In 1999, Nicole Mannix-Power was young, fit and expecting her third baby. On February 16, in the midst of an enervating Sydney summer, one of her girlfriends at work noticed she didn't look very well. "She said to me, 'Are you okay?'" she recalls. "And I said, 'No, I am so fricking tired I feel like dying.'" It was hot, she was 36 weeks pregnant, she had two young boys at home: of course she was exhausted. Still, this seemed extreme. "My friend said, 'Have you felt the baby move lately?' I was like, 'Oh, I'm busy, I'm sure it has.'" "Go straight home," her friend told her. "Go straight to the doctor." I meet Mannix-Power at Sydney Airport, where she organises freight for Cathay Pacific (she recently sent a load of goats to Kathmandu). She's slim and healthy-looking, with curly hair pulled firmly back, wearing a neat maroon skirt and sensible court shoes. Remembering that day almost two decades ago, her eyes fill with tears. She wipes them away. "When I got there, they put the thing on my belly, and there was no heartbeat. I thought, 'Oh my God.'" Mannix-Power's baby – a girl – had died in utero, less than a month before she was due to be born. She had died of Rhesus D Haemolytic Disease of the Foetus and Newborn, or HDN, a disease in which a mother's body creates an antibody that destroys her unborn child's red blood cells. It can cause severe spleen and liver problems, brain damage, and death in babies. "Historically, HDN was one of the major causes of infant mortality and lifelong severe disability in our population," explains Professor Robert Flower, transfusion scientist at the Australian Red Cross Blood Service. "It was a terrible, terrible condition." And it still has the potential to affect one in every six newborns in Australia. That's about 40,000 babies every year.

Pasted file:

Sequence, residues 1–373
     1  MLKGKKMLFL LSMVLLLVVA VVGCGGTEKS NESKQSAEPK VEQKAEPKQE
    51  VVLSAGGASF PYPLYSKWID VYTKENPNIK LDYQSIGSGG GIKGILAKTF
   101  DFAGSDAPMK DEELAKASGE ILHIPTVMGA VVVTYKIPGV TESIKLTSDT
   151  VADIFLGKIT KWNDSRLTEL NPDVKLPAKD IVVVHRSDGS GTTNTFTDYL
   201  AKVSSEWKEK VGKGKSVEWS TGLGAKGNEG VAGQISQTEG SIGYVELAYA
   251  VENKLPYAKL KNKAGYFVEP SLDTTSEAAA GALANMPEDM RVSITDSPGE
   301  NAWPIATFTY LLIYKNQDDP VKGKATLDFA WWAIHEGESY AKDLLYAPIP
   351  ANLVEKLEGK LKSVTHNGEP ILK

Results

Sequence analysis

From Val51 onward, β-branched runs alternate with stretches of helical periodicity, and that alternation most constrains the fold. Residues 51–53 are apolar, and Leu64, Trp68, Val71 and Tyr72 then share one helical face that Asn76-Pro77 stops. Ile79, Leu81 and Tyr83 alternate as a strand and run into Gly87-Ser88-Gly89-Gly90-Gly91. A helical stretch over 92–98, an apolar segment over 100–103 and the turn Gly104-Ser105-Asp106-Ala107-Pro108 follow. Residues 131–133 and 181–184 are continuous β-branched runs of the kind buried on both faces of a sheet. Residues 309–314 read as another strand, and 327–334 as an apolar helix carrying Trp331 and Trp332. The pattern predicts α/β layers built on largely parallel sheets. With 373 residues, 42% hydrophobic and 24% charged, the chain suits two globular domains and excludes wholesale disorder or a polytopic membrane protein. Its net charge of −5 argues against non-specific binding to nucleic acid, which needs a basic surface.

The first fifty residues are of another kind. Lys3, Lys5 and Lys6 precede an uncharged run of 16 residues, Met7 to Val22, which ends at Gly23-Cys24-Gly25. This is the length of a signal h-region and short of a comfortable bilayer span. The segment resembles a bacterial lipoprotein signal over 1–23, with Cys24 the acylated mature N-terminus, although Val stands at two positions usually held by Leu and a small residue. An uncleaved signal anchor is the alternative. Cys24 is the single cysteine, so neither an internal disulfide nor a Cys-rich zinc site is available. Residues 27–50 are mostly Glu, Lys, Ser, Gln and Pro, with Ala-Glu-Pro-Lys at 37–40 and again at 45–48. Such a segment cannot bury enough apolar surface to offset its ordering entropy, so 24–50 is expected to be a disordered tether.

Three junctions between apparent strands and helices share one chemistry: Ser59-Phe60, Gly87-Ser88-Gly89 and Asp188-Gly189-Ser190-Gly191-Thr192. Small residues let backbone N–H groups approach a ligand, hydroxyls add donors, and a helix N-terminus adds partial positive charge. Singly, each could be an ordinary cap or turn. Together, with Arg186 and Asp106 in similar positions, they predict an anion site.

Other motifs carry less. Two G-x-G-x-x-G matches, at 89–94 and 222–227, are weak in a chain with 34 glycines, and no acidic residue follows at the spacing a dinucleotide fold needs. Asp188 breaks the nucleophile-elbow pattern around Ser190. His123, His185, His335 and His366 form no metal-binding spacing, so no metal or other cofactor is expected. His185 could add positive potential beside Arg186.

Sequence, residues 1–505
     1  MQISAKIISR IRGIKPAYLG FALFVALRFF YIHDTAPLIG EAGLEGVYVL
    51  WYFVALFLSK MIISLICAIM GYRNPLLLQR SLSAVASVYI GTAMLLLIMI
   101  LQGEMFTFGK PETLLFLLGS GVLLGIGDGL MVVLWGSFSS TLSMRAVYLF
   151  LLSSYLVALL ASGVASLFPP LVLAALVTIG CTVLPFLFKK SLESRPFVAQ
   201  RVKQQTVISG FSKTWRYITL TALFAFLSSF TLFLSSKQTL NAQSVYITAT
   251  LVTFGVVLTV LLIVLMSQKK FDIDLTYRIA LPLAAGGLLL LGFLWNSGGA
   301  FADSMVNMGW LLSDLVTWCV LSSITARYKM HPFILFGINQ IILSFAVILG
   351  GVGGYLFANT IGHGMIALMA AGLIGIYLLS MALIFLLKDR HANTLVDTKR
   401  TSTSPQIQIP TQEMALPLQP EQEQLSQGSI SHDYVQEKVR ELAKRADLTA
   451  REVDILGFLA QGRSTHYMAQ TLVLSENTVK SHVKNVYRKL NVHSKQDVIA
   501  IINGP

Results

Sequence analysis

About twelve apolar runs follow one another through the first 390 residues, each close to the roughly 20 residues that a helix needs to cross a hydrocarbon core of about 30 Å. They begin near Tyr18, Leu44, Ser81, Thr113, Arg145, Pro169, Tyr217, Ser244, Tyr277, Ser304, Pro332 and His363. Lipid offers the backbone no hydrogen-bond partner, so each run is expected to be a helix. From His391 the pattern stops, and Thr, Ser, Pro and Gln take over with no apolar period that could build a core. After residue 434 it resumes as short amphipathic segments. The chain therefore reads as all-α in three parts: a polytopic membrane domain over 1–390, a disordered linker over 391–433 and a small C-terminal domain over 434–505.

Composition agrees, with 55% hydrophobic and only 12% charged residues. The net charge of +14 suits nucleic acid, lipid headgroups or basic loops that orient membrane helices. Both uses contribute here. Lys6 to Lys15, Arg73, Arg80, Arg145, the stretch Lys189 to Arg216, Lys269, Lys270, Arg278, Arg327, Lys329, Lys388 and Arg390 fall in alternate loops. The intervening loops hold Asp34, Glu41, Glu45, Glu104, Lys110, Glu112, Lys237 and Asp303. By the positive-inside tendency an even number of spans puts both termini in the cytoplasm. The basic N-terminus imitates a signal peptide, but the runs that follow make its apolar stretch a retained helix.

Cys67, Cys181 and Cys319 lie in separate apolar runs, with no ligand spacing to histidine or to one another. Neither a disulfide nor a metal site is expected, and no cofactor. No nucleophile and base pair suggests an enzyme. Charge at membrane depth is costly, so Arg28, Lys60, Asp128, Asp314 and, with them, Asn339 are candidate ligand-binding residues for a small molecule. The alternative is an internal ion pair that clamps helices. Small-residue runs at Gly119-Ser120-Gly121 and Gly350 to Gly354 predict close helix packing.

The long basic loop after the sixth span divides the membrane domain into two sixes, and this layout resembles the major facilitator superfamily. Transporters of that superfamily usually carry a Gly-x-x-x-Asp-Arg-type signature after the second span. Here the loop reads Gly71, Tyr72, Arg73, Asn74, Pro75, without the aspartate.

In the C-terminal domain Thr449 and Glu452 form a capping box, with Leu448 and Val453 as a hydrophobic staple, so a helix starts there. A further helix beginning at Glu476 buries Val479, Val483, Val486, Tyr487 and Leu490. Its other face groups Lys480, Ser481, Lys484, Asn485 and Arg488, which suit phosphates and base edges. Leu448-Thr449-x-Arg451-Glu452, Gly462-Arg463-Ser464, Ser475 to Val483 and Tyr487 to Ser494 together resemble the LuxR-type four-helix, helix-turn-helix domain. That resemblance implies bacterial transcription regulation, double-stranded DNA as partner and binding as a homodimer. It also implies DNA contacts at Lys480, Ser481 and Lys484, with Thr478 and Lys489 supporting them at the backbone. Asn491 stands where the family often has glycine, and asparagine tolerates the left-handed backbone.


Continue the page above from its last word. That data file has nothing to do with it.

Dry Run by Jane Cadzow in Good Weekend (3,600 words / 18 minutes). An excellent profile of author and former journalist Jane Harper, who diligently learned to write books by studying the form and constantly improving her work, before experiencing enormous success with her debut novel The Dry.